Charging up with jumping droplets
Jul 18, 2014 3 comments
Superhydrophobic surfaces can be used to harvest small amounts of energy from the atmosphere, according to new research carried out by scientists at the Massachusetts Institute of Technology (MIT). The team has developed a device that uses jumping droplets of condensed water vapour to carry charges between two sets of metal plates. The device could be used as a handy tool in remote areas, to charge mobile phones or as an environmental sensor.
As the name suggests, superhydrophobic surfaces are highly effective at repelling water. This ability is down to their nano-scale topography, which limits contact – and therefore adhesive forces – between the surface and overlying liquids. Dominated by cohesive forces, droplets on these surfaces tend to ball up, forming beads that can easily roll away. Droplets of the right size – around 10–100 μm in diameter – can sometimes spontaneously jump, converting their excess surface energy into kinetic energy.
These jumping droplets do not travel alone, however – they take a tiny electric charge with them. This effect – first noted by Nenad Miljkovic and colleagues in a paper last year – occurs through the interaction of free charges in the water with the superhydrophobic surface. "An electric double layer forms at the water/coating interfaces, and because of the fast jumping dynamics, charge separation can occur," says Miljkovic. This, he explains, leaves a small positive charge on the droplets and a small negative charge on the surface.
In their new study, Miljkovic and colleagues have put their earlier discovery to practical use – harvesting atmospheric energy. To do this, they created two sets of interleaved copper plates: one patterned to be superhydrophobic, the other hydrophilic. As water droplets condense on the first set of plates, they merge and leap across to the adjacent hydrophilic plates. With each drop, a small charge is transferred – building up a difference between the two sets of plates that can be used to power a circuit. The design is scalable: the larger the plates, the greater the overall charge transferred.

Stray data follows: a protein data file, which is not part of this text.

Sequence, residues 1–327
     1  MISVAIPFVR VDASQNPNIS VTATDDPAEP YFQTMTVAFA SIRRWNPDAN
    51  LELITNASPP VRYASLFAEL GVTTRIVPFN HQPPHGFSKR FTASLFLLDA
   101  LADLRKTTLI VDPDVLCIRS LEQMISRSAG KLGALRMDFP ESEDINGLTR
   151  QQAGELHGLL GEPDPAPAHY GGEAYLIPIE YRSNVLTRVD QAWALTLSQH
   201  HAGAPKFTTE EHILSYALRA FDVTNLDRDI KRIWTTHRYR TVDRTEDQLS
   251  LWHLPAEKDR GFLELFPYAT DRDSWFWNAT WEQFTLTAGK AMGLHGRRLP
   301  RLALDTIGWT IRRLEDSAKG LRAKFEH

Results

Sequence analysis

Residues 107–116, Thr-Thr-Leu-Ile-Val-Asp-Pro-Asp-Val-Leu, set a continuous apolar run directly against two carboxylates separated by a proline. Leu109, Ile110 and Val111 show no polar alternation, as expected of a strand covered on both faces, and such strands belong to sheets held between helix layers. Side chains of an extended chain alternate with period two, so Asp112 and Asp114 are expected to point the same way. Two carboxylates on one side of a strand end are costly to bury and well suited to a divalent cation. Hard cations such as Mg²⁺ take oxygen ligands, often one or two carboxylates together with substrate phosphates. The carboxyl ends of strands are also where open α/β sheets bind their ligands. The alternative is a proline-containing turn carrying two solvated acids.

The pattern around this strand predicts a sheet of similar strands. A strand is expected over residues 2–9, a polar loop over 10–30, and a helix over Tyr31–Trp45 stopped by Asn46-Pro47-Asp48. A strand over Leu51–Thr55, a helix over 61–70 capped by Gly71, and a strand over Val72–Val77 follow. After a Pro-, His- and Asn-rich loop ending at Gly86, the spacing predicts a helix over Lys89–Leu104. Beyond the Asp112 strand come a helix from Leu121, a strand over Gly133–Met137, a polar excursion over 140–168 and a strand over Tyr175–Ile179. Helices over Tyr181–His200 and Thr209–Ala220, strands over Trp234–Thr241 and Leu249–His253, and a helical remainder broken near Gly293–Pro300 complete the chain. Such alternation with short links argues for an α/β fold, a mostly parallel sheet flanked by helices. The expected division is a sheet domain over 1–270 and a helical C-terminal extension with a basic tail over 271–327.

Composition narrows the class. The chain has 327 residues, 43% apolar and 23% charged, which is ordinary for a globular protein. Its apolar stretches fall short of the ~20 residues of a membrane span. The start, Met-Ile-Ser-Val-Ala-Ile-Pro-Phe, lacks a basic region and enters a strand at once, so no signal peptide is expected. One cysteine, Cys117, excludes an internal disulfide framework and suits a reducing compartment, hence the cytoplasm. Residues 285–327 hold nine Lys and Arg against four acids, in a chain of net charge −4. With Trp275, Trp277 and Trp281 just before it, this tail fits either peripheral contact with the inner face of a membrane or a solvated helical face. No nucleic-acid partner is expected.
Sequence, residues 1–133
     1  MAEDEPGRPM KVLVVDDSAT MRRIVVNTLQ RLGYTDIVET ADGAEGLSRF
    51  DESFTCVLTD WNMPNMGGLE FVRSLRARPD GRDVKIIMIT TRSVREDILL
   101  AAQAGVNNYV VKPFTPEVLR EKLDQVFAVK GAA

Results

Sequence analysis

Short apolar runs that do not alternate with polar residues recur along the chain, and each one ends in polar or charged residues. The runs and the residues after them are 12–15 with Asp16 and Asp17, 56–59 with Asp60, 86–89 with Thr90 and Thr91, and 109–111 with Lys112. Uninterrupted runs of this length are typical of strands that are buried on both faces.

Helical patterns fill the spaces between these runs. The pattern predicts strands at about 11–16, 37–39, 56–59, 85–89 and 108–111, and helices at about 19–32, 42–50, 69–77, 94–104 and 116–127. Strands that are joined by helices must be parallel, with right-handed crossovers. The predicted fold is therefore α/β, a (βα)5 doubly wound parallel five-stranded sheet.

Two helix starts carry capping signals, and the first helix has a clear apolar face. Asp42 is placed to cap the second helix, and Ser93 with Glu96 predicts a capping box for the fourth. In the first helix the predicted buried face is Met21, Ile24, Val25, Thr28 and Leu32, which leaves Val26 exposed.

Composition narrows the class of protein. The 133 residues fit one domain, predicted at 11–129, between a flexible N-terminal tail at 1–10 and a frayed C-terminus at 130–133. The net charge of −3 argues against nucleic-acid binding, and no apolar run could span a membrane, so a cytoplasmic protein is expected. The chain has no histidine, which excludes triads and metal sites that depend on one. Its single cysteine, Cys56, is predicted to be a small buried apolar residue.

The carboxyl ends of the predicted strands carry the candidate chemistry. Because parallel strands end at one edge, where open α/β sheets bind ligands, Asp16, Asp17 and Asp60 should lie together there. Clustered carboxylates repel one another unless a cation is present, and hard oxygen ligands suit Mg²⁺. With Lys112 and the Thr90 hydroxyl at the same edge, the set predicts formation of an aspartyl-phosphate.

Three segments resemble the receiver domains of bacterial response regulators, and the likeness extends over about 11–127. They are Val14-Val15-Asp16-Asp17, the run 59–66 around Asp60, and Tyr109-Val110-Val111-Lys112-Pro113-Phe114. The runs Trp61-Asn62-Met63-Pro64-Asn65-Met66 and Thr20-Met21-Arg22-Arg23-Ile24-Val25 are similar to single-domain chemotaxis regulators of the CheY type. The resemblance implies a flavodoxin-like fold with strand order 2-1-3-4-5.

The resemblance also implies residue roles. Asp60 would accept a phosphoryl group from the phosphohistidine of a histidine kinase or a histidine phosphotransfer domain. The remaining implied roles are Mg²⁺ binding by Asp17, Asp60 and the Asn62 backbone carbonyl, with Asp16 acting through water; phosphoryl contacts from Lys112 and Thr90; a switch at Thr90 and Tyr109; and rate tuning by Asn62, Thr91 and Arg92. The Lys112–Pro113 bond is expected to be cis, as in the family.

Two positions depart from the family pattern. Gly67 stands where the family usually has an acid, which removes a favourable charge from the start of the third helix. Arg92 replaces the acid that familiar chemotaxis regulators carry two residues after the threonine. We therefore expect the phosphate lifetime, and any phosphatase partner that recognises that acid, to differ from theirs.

The concept does have its limitations though: it requires a humid environment, and the researchers' prototype only provides 15 picowatts of power per square centimetre of plate. Despite this, Miljkovic is confident that the concept can be fine-tuned to harvest at least one microwatt per square centimetre. If achieved, the harvester might become a useful tool in remote regions. Such a device, 50 cubic cm in size, could charge a mobile phone in about 12 hours – an output comparable with other waste-energy harvesting solutions – and would also collect clean water. One specific application for this technology could be in automated environmental sensors, whose low power requirements might be covered by the morning dew alone. For more extensive uses, however, a cold sink – such as a flowing river – would be required to keep up the condensation.
Julie Crockett – a mechanical engineer from Brigham Young University who was not involved in the study – calls the work a "significant contribution to [the] field", highlighting the potential for optimization of the superhydrophobic structuring. She adds, however, that "questions still remain about the longevity of the process, because of the jumping droplets coating the opposing hydrophilic wall, and the heat flux available for direct condensation of atmospheric moisture".
"This finding is very exciting because it suggests that electricity could be passively harvested from the condensers found in many engineering systems," comments Jonathan Boreyko – a mechanical engineer, formerly of the University of Tennessee, who will be joining Virginia Tech in the autumn – who was also not involved in this study. "It would be interesting to see how the performance is altered when using smooth parallel surfaces, which would remove the temperature gradient in the chilled superhydrophobic surface to enable more uniform jumping-drop condensation across the gap to the opposing electrode," he adds.
Having demonstrated their prototype's viability, the researchers are now refining their design, aiming for increased power output. They are also working on an aluminium version, which should be cheaper to make than their copper prototype.
The research is described in Applied Physics Letters.
About the author
Ian Randall is a science writer based in New Zealand